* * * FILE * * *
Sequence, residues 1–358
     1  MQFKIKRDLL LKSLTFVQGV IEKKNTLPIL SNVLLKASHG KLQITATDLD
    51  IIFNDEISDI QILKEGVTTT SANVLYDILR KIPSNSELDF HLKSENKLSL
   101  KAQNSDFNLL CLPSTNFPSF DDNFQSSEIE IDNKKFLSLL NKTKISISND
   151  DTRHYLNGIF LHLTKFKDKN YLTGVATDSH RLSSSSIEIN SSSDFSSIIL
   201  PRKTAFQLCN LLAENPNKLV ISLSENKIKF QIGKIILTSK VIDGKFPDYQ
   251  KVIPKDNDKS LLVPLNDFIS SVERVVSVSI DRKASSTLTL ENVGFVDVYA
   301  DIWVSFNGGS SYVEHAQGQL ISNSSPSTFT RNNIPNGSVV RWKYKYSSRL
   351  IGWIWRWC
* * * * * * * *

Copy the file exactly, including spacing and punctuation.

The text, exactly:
Sequence, residues 1–358
     1  MQFKIKRDLL LKSLTFVQGV IEKKNTLPIL SNVLLKASHG KLQITATDLD
    51  IIFNDEISDI QILKEGVTTT SANVLYDILR KIPSNSELDF HLKSENKLSL
   101  KAQNSDFNLL CLPSTNFPSF DDNFQSSEIE IDNKKFLSLL NKTKISISND
   151  DTRHYLNGIF LHLTKFKDKN YLTGVATDSH RLSSSSIEIN SSSDFSSIIL
   201  PRKTAFQLCN LLAENPNKLV ISLSENKIKF QIGKIILTSK VIDGKFPDYQ
   251  KVIPKDNDKS LLVPLNDFIS SVERVVSVSI DRKASSTLTL ENVGFVDVYA
   301  DIWVSFNGGS SYVEHAQGQL ISNSSPSTFT RNNIPNGSVV RWKYKYSSRL
   351  IGWIWRWC